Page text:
“I am the light of the world. Whoever follows me will not walk in darkness, but will have the light of life.” —John 8:12
Crashing waves constantly slam the rocky shore of Portland, Maine, while six lighthouses stand unmoved by the relentless tide. Serving as guiding lights in the dead of night, they’ve stood firm for more than a century, saving countless ships from imminent danger.
On Sunday evening, Franklin Graham shared about a different kind of light in the midst of an area that’s known for being spiritually dark—Portland is considered the least Christian city in the United States, according to a recent Barna study.
“God sent His Son, Jesus Christ, on a rescue mission to you here tonight,” Franklin said at the Cumberland County Fairgrounds during the first stop of the seven-state Decision America Northeast Tour.
A crowd of 4,300 sat in chairs and on blankets across the grassy lawn, many hoping the tour would spark revival across a region that’s developed a reputation for rejecting Christian values.
“You see churches all over New England—little white churches dotted everywhere—but three out of every four sometimes are empty … or hardly anything left there,” said 24-year-old Ryan Ford, who handed out Decision America cards at a waterfront park to invite people to the event.
“[Locals] are taught their non-belief religiously like we’re taught our faith religiously,” Ford explained. “It’s pushed on them, so they believe it dogmatically, or they’re just comfortable and they don’t really care.”
“I would really love to see the state culture turned around in a sense, turned back towards Christ.”
Sue Legere is almost 50 years older than Ford but feels the same way.
“We live in a hard time right now,” she shared a few minutes before the tour began. “The world is in a sad situation. The only hope is Jesus Christ.”
Still, Legere recognizes Christians don’t always do their part in spreading the light of Christ to those lost in the raging seas of life.
“We stay in our comfortable little churches and don’t share the Gospel as we should,” she said, expressing her admiration for Billy Graham’s life. She came to his Crusade in Portland 37 years ago.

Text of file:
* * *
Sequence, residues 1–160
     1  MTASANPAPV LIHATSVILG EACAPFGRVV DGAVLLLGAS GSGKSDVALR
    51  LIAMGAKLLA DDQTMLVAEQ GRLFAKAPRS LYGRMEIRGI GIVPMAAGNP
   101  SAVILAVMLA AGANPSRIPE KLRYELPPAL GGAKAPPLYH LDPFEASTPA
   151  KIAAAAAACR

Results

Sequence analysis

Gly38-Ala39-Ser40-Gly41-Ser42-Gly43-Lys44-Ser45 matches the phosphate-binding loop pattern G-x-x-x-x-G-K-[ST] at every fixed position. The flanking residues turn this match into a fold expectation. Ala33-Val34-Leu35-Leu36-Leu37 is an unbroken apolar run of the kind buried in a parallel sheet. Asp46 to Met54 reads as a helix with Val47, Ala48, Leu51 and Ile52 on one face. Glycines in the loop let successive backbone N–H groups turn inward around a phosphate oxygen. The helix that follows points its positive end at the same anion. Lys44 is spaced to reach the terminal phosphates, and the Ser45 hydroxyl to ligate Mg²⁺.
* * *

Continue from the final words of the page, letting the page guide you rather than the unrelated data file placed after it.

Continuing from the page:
With a Decision America t-shirt serving as a make-shift blanket as temperatures dropped into the low 50s, she explained that Maine’s motto is “The way life should be,” but people are still looking for something more.
Something more than picturesque lakes, lobster tails and the laid-back lifestyle Maine has to offer.
Farther back in the crowd, 20-year-old Nikole Williams had recently discovered something more—the joy of salvation—after facing what she called “a midlife crisis” in her teenage years.
Williams accepted Christ a few months ago. She calls herself a “baby Christian” who’s learning as much as she can about the Bible. She and her friend Ethan Murr, who’s 22, both stood up when Franklin invited people to publicly express their faith.
“I’m just boasting that the Lord had mercy on me and saved me,” Williams said.
Speaking from Luke 17, Franklin preached about the consequences of sin and the grace of God.
“There’s pleasure in sin for a short time,” Franklin said. “Many of you … are going in the wrong direction. When you come to Christ, don’t look back at your old life.”
When dozens of men, women and children stood up at Franklin’s invitation, it appeared as though many people in Portland were ready for a fresh start in Christ.
As night fell, the lighthouses dotting the coast began to brighten the dark, cloudy sky. And the light of Christ lit up the hearts of those who chose to invite Him in.
“[There’s] A lot of darkness out there,” Legere said. “If we can shed some light, that’s a wonderful thing. I pray God would empower me to do more than I’m comfortable doing. Keep Maine in your prayers.”
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Want to learn more about the Decision America Northeast Tour? See the full schedule.